Redcliffe Life Sciences, located in New Delhi, announced a *$61 million funding round led by LeapFrog Investments on Friday (LeapFrog).
Other investors in the round included Healthquad, Schroders, LC Nueva, and Growth Spark Ventures, as well as current investors Chiratae Ventures and Alkemi Venture Partners.
The startup raised $10 million in its Series A fundraising round last year.
The diagnostic platform will utilize the funding to extend its low-cost but high-quality direct-to-consumer diagnostics into Tier-II, III, and IV cities, providing affordable, speedy, and accessible pathology services to millions of households.
According to Dheeraj Jain, founder of Redcliffe Lifetech, preventative medicine aims to empower the common Indians with the information they need to take care of their health and welfare. "Redcliffe has created a one-stop diagnostic shop, offering a wide range of tests and bringing treatment closer to the client." This investment will help us scale to fulfil our aim of reaching over 500 million Indians in the next five years,"
Redcliffe will also use the funds to extend its platform and expand its product offerings including radiography, illness data profiling, and lifestyle management in an attempt to reform India's healthcare focus from treatment to early diagnosis and prevention.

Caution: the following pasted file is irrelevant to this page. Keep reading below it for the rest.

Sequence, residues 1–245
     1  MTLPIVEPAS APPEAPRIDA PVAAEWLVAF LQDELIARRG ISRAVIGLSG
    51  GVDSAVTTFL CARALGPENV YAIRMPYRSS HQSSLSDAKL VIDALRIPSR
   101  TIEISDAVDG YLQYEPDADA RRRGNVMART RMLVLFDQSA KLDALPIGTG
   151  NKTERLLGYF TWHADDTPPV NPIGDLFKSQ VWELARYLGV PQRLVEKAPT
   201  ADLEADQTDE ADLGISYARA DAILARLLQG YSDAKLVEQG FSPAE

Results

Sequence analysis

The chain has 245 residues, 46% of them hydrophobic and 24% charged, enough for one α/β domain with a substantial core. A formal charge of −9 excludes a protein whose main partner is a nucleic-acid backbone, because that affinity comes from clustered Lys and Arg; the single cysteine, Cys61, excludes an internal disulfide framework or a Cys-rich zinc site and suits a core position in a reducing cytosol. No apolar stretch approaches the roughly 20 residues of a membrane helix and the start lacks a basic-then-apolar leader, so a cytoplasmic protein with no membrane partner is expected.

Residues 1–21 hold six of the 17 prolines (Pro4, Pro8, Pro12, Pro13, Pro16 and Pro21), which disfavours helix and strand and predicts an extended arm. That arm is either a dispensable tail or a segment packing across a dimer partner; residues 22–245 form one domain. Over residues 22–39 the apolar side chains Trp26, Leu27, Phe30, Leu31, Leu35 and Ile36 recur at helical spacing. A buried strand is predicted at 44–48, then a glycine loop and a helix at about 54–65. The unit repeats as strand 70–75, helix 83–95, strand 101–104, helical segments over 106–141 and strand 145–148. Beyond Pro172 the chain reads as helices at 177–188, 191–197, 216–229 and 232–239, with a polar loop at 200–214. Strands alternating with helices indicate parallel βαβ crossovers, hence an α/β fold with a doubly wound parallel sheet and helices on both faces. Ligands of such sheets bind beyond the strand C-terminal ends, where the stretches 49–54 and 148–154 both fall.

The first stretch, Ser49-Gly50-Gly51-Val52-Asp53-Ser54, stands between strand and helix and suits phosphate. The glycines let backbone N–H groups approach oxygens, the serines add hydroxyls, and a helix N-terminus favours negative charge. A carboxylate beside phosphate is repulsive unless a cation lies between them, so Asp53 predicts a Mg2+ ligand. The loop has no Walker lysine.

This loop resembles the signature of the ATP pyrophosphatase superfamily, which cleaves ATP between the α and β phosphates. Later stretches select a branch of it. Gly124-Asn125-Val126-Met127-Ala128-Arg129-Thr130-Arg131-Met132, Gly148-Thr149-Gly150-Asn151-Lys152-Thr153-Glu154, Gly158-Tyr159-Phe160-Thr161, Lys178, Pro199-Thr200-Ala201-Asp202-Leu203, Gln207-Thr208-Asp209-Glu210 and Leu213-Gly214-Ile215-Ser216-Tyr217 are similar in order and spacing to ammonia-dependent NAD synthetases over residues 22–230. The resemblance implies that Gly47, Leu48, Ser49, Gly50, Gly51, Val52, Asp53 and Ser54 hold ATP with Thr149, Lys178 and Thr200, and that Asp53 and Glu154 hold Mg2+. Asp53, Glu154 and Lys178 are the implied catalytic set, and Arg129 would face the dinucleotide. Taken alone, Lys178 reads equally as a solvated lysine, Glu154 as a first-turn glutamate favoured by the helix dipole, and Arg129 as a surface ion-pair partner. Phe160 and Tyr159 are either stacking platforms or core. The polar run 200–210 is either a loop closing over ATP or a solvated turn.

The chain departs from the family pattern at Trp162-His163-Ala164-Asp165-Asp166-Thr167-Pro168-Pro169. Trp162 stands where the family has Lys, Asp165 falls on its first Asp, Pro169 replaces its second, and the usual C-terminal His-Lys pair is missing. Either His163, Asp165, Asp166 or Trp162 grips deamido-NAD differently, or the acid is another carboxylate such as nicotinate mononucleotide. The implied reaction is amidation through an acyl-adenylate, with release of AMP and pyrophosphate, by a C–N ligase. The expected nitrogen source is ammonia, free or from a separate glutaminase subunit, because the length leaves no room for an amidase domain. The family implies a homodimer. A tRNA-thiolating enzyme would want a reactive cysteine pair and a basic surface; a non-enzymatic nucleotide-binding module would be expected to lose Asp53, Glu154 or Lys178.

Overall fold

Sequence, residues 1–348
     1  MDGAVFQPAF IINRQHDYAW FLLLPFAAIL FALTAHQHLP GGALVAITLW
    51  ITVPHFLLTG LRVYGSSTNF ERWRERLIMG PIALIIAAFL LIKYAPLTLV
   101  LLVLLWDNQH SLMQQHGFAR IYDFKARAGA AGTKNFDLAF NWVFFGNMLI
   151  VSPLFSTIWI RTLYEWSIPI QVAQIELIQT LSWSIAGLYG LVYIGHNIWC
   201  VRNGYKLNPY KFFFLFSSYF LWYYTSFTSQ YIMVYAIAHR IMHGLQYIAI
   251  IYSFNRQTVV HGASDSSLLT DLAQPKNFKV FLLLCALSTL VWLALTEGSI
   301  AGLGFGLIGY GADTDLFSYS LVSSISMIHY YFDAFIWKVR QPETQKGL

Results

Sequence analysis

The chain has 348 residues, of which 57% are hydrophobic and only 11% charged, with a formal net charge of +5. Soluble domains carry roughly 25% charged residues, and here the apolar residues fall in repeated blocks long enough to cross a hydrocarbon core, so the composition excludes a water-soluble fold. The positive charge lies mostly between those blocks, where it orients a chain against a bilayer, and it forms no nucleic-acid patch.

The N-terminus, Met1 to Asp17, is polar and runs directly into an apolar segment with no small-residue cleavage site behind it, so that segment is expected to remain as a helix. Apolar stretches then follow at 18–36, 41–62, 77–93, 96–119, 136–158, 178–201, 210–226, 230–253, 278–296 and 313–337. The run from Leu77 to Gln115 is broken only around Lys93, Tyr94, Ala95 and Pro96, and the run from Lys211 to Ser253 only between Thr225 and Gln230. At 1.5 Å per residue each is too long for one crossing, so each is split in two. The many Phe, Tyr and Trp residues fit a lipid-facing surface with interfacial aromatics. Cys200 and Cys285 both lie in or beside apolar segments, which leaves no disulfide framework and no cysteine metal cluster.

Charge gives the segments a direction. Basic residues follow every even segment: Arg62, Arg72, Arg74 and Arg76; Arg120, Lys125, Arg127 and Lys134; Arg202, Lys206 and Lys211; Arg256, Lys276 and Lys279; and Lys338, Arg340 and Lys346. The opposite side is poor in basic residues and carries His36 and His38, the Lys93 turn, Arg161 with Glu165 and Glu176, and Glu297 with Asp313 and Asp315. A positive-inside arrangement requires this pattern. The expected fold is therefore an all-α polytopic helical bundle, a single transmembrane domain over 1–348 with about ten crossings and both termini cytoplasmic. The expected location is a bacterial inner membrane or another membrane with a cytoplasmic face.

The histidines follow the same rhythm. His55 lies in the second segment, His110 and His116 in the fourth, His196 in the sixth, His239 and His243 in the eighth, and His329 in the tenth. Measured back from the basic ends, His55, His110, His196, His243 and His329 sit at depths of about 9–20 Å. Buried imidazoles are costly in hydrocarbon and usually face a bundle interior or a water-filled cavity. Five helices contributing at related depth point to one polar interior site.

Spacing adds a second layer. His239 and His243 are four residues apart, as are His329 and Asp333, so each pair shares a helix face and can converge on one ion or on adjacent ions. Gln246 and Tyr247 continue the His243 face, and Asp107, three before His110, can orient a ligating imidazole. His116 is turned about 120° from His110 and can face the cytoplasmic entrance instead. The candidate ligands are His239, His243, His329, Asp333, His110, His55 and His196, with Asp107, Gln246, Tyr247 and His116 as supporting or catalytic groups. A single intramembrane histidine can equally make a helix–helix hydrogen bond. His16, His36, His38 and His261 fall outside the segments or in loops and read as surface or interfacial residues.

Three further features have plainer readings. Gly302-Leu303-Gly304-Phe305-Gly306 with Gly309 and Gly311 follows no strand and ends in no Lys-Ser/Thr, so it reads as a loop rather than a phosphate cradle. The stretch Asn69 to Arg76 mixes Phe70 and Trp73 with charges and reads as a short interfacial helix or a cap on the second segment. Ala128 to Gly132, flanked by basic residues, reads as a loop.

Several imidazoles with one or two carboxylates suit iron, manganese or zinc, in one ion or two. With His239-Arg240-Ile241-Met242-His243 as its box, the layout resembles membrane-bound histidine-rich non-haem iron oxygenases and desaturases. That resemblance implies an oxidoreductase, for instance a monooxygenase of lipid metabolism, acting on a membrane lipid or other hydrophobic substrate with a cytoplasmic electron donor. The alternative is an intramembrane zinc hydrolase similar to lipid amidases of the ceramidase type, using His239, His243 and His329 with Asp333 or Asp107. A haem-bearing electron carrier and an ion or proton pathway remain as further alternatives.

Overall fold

Across 14 cities, Redcliffe Diagnostics operates 22 state-of-the-art labs.
Its unique omnichannel infrastructure — which combines an online channel with a fleet of 400 phlebotomists operating in 100+ cities with home sample collection and an offline network of 500 collection centers — enables the company to offer over 3,500 different pathology and highly specialized tests, including genetics at affordable prices around 25-60 percent less than traditional competitors.
The company's current annualized sales run rate, according to Jain, is approximate $55- $60 million.
Redcliffe's low-cost diagnostics are intended to help reduce the burden of noncommunicable diseases (NCDs), such as heart disease, cancer, and diabetes, which harm over six million Indians each year.